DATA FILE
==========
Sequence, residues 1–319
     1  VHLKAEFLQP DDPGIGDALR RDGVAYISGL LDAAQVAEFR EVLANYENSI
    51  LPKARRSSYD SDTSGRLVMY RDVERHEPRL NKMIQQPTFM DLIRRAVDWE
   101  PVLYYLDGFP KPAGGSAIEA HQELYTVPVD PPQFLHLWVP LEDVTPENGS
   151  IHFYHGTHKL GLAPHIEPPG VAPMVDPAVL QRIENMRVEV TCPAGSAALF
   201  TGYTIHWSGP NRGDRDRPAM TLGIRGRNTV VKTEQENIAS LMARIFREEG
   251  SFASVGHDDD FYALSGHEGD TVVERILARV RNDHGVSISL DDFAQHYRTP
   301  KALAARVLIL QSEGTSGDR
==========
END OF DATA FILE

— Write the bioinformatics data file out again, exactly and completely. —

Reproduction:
Sequence, residues 1–319
     1  VHLKAEFLQP DDPGIGDALR RDGVAYISGL LDAAQVAEFR EVLANYENSI
    51  LPKARRSSYD SDTSGRLVMY RDVERHEPRL NKMIQQPTFM DLIRRAVDWE
   101  PVLYYLDGFP KPAGGSAIEA HQELYTVPVD PPQFLHLWVP LEDVTPENGS
   151  IHFYHGTHKL GLAPHIEPPG VAPMVDPAVL QRIENMRVEV TCPAGSAALF
   201  TGYTIHWSGP NRGDRDRPAM TLGIRGRNTV VKTEQENIAS LMARIFREEG
   251  SFASVGHDDD FYALSGHEGD TVVERILARV RNDHGVSISL DDFAQHYRTP
   301  KALAARVLIL QSEGTSGDR